Making Cassava Bread

by Frank Christo

Cassava (aka Casabe) Bread is a flat bread, as hard and thin as a cracker, made from cassava flour.

The flour comes from the bitter (not the sweet) type of cassava roots. This type is called manioc and the plant can be identified by the reddish tinge of the leaves as opposed to the green leaves of ordinary cassava.

To make cassava bread, the cassava is grated, all the toxic juice squeezed out, then dried into a flour, and sifted.

Here is the process as my grandmother did it. She had a woven basket about 6 feet long and shaped like a sock. The top was open with a strap for hanging. The top opening was about 8 inched in diameter. It was tapered to the bottom which was closed with another hook at the end. See my poor illustration below.

After stuffing the basket with the grated cassava, a container is placed at the bottom to collect all the liquid. My job was to sit on a log attached to the bottom of the basket. My weight would stretch the basket thus squeezing out all the liquid. This liquid is toxic (that is why it is called bitter cassava). The liquid is left overnight and the reddish poisonous water at the top is discarded. The remainder is a white residue with is used for starch in clothing.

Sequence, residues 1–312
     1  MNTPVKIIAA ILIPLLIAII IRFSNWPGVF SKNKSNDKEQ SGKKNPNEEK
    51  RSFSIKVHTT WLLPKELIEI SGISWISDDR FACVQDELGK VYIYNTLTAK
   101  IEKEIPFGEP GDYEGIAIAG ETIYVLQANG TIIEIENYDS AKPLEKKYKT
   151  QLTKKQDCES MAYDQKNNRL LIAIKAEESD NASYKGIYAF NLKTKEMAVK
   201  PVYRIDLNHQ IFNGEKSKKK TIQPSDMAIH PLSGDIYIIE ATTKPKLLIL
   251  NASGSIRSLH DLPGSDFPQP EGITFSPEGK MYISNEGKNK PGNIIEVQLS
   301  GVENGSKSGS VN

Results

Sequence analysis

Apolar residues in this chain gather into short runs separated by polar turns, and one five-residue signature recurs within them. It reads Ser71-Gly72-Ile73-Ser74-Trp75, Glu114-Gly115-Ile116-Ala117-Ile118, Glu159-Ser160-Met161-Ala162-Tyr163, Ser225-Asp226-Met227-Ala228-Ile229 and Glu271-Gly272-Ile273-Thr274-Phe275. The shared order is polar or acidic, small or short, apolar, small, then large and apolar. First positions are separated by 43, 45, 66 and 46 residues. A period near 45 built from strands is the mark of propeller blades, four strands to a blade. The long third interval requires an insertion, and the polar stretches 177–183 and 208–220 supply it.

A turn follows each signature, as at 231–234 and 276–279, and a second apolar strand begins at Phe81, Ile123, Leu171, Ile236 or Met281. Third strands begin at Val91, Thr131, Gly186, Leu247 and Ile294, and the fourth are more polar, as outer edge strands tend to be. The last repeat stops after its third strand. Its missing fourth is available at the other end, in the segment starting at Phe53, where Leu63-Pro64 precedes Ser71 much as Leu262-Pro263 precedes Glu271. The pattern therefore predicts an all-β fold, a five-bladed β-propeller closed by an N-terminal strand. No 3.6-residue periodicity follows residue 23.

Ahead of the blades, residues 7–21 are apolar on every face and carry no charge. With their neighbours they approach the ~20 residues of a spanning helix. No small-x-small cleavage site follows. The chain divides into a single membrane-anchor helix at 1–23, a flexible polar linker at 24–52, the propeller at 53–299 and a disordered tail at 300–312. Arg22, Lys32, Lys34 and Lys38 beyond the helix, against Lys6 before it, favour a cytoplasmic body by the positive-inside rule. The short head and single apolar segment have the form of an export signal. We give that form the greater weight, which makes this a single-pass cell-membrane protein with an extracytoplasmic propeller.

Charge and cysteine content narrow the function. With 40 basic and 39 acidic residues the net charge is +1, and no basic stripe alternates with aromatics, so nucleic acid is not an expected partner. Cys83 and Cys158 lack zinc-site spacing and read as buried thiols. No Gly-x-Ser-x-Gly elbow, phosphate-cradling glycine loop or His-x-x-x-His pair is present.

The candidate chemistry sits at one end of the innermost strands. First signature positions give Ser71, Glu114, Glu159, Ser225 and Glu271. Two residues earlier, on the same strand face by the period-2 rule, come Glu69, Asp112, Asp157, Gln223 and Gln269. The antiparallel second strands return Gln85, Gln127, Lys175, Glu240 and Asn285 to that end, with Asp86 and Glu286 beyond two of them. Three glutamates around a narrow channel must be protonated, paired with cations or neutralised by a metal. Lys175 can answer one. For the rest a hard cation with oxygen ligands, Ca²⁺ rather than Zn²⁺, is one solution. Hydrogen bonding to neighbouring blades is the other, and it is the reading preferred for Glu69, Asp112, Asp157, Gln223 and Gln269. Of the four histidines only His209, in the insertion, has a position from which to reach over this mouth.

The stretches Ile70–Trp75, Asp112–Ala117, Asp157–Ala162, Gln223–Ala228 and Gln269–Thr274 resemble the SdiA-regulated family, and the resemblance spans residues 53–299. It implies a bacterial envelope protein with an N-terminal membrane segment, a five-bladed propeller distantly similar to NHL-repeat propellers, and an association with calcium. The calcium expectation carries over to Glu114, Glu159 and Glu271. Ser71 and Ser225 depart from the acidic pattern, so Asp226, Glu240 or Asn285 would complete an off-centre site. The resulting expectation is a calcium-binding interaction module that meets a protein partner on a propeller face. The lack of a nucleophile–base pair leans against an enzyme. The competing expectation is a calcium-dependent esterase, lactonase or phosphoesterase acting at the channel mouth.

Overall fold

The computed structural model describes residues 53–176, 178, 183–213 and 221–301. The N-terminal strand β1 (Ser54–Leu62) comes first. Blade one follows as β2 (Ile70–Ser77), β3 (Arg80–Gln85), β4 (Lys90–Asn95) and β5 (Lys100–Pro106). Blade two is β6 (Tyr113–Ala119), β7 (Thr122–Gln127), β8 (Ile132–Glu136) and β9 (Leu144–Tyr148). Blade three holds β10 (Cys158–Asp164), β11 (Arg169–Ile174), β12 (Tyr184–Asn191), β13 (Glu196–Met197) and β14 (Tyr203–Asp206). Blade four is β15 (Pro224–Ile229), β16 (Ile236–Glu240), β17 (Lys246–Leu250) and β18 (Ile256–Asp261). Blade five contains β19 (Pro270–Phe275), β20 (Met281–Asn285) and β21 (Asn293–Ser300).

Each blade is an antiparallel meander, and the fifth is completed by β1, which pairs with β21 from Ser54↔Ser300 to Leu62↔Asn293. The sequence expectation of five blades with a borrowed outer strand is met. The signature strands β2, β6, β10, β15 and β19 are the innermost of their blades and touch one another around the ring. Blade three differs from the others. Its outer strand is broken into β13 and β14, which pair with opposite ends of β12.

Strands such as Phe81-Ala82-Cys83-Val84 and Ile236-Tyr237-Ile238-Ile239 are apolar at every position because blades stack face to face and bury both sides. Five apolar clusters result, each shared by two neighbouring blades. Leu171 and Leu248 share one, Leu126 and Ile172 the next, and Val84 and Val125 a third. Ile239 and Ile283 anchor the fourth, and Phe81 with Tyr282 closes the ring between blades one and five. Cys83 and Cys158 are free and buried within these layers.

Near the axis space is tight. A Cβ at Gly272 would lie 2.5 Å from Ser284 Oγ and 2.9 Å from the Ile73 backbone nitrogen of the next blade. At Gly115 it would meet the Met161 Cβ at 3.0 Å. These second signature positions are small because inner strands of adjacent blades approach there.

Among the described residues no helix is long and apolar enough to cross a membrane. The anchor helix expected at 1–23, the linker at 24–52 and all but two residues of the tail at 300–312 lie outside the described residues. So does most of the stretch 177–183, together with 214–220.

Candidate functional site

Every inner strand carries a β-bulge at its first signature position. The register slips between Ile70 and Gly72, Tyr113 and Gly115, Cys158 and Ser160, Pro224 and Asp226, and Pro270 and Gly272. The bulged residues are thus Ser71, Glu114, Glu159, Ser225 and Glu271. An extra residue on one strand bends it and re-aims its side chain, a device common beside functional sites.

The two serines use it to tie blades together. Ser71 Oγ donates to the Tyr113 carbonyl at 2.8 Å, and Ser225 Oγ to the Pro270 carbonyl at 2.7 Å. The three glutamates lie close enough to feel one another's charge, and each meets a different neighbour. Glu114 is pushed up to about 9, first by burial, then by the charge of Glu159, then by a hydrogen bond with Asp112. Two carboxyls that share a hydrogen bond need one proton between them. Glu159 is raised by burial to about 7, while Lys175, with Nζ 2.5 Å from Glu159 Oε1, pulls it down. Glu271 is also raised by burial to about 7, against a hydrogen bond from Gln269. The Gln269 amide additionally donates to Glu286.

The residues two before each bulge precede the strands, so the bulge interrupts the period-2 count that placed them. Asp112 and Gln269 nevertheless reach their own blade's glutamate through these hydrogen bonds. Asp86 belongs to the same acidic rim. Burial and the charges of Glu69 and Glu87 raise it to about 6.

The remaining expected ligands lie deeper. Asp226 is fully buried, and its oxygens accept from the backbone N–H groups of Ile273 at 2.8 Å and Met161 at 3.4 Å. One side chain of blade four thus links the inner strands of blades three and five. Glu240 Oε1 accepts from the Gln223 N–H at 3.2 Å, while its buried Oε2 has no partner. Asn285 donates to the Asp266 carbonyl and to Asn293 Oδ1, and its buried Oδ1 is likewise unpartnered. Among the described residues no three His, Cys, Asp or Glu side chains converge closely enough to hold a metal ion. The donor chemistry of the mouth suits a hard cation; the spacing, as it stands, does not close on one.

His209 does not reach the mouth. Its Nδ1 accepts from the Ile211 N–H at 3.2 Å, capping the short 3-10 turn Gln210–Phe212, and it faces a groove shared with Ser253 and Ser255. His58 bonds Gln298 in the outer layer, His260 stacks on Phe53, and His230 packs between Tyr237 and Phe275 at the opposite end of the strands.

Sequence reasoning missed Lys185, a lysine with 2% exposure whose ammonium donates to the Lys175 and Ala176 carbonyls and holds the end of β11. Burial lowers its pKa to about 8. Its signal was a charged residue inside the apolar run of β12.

The flour left in the basket is what we use to make cassava bread. The flour is spread over a hot tawah and a ring made from the metal band to form a large round circle. It is then flattened and lightly pressed together with a tool that looks like a trowel. It’s flipped to cook the other side, then removed from the tawah, and spread on a metal (galvanize] to dry in the sun. Later you can cut into smaller pieces for storage.

Cassava Bread Making

The long cylindrical shape object is called a Matapi use to squeeze the juices from the grated cassava and the square object is called a Manare used for sifting the Cassava 

My grandmother used to call it couleve which means snake in French.

The Patois name is Koulèv (coo-lev) which is also the name of a snake. The cassava sifter is lébiché’ (lay-bee-shay).

As a special treat grandma would add brown sugar to the mix of a couple breads to give it a sweet taste just for my consumption.

Some of the flour was baked to make a powdery stuff called farine.

Cassava bread is a traditional bread made by the Indigenous Peoples in the Caribbean and in South America. It predates European contact by many centuries.